DRAFT: This module has unpublished changes.
DRAFT: This module has unpublished changes.

"I speak for the trees for the trees have no tongues."

-The Lorax, Dr. Seuss.

DRAFT: This module has unpublished changes.

My journey as a science communicator began while teaching a crowd of Silicon Valley CEO’s about Sierra Nevada geology from a plastic red kayak.  I worked as the naturalist for Stanford Sierra Camp, a camp for Stanford Alumni near South Lake Tahoe after my freshman year at Stanford.  As a naturalist, I created scientific presentations, experiments, and tours for audiences of all shapes, sizes, and intellectual abilities. This balance of science and nature fueled my interest in science communication, enough to pursue a degree in Earth Systems and the Notation in Science Communication at Stanford.


Through the Earth Systems pro-gram, I engaged with the social, economic, and scientific dimensions of environmental problems. Add-itionally, the Notation in Science Communication taught rhetorical strategies for communicating what I learned in my Earth Systems classes, including how to frame an argument and identify the audience. Through these experiences, I was able to practice the technical and rhetorical elements of communication through class projects and deliverables. After this practice, I applied my knowledge in formal settings, pursuing research and presenting science to private industries and government agencies.


This process of learning, practicing, and applying science communication is demonstrated throughout my ePortfolio. My ePortfolio is broken up into three sections, Multimedia Communication, Data Visualization, and Creating Policy from Science. In each section, I discuss how learning, practicing, and applying science communication guided my work. Along with a trajectory of growth, my ePortfolio depicts a commitment to general, technical, and policy audiences.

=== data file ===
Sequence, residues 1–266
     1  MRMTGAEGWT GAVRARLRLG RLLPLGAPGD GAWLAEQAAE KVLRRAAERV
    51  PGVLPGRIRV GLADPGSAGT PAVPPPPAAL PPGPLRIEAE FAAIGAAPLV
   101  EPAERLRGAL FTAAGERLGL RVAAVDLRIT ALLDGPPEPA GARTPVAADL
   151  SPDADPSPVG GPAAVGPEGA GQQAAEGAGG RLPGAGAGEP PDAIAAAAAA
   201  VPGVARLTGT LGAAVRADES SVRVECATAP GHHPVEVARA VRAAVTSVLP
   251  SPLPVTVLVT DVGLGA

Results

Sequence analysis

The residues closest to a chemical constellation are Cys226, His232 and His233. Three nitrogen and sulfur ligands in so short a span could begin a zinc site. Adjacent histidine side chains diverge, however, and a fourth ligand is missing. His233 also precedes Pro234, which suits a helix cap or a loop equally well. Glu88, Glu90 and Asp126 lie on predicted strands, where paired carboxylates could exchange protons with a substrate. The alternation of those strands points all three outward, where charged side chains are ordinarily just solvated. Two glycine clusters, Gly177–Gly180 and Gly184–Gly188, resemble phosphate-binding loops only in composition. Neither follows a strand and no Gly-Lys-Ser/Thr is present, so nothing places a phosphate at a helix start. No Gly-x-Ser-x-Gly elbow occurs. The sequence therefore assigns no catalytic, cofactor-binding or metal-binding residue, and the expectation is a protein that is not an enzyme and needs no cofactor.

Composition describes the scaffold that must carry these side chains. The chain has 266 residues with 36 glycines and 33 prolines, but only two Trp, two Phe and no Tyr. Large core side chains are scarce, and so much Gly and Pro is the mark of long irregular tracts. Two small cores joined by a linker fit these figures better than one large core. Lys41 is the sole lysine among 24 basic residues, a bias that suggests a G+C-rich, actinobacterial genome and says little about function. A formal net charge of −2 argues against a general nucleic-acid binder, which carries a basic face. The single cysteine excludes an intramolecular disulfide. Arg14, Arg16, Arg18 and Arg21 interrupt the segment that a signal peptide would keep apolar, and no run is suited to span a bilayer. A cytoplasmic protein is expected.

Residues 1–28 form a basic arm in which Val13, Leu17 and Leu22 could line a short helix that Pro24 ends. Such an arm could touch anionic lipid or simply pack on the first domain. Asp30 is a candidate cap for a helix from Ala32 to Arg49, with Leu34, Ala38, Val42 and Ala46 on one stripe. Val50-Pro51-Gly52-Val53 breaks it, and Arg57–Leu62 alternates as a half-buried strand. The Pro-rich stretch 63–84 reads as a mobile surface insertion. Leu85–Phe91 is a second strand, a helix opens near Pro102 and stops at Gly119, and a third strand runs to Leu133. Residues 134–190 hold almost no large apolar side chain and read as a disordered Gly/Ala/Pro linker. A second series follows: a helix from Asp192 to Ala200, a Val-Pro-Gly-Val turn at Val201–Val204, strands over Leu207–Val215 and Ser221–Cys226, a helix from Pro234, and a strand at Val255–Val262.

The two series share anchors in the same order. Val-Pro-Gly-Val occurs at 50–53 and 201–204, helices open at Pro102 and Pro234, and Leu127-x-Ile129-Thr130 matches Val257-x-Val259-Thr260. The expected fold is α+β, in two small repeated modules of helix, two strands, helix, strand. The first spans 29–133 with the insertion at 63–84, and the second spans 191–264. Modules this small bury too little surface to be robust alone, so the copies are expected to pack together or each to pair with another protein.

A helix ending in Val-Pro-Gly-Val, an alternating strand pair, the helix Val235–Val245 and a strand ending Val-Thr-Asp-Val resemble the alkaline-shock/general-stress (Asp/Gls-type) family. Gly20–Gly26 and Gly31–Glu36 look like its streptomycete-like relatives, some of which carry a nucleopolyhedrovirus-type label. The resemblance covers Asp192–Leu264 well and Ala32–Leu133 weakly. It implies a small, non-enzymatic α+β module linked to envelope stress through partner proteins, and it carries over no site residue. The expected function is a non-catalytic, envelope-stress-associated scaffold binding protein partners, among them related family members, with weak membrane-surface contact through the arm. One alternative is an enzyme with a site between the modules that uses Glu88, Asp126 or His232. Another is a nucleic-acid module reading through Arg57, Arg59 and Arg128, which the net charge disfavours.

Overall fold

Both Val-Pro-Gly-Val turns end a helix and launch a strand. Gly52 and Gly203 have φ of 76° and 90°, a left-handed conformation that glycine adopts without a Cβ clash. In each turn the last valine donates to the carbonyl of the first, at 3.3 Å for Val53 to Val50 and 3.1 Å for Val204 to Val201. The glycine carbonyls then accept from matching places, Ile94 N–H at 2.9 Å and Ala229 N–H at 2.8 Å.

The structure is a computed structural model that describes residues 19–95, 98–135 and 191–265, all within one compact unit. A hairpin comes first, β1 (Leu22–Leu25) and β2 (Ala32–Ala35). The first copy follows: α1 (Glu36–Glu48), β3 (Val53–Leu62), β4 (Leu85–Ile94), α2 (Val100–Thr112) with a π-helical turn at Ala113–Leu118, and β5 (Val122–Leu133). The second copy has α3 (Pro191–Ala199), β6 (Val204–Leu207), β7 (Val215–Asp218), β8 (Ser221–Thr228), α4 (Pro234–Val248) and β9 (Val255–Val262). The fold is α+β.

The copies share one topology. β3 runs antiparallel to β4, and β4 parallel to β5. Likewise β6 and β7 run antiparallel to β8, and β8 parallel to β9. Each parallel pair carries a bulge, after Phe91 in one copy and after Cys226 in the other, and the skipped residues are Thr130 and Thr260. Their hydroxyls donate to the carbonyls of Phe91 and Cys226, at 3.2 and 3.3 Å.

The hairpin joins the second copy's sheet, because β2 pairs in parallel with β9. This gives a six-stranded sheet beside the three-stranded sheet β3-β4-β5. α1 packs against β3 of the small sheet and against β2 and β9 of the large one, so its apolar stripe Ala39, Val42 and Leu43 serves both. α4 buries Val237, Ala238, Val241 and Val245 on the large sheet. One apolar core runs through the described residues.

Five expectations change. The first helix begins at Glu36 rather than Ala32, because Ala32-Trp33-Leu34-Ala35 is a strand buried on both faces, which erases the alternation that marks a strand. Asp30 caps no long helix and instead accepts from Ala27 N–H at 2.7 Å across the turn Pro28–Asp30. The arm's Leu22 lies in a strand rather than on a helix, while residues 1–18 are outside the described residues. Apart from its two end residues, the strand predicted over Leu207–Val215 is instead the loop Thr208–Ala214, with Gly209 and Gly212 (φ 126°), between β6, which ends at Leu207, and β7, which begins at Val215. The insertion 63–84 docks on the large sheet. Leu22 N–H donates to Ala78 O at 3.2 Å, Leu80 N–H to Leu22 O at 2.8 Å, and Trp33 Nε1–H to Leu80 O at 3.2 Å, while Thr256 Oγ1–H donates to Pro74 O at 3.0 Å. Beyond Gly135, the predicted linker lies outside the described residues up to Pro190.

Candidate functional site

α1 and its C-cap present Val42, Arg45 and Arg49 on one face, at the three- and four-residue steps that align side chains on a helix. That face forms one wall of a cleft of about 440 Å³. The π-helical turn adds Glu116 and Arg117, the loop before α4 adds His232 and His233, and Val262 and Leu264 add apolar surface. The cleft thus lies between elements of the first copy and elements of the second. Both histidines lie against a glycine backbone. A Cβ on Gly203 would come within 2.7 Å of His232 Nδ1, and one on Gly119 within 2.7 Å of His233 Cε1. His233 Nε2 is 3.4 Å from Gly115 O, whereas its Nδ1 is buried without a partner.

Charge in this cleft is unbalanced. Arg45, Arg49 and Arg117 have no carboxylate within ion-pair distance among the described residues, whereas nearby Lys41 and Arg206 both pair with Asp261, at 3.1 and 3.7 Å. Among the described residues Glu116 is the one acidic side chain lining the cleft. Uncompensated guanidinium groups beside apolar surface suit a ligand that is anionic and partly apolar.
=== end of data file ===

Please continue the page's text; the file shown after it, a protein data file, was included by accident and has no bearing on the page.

The first section of my ePortfolio, Multimedia Communication, explores strategies for connecting with general audiences through varied modes of communication. Interactive websites, podcasts, and magazine articles allowed me to convey environmental messages to the general public in an entertaining, relatable way. 


The second section of my ePortfolio demonstrates how I've used data visualizations to communicate with technical audiences. I created these visualizations, or annotated maps, from satellite imagery of the Earth’s surface. Data visualizations, particularily maps, are a useful science com-munication tool for transforming technical infor-mation into a compelling story.


The last section of my ePortfolio demonstrates how I’ve intertwined science and policy. Currently, the environmental movement is hindered by the information gap between technical information and policymakers. Additionally, this brand of environmental discourse is often demanding or condescending. To combat this, I’ve recruited a balance of creativity, humility, and careful selection of content to politely engage political audiences. Through practicing and applying these skills, I’ve developed a keen understanding for communicating environmental issues to policymakers. In fact, some of my research was used by a U.S. Congressman to help establish a new U.S. National Monument.



After learning, practicing, and apply-ing the communication tools and rhe-torical insights gleaned from the Notation in Science Communication, I hope to motivate a global audience to engage with the environment and protect planet Earth. Ultimately, I aim to bridge the information gap between the public, scientific, and policy spheres through effective science communication. We must learn to use our voices through effective com-munication; speaking for trees as they can't speak for themselves. 




 **All images in my ePortfolio were taken from my personal collection.




DRAFT: This module has unpublished changes.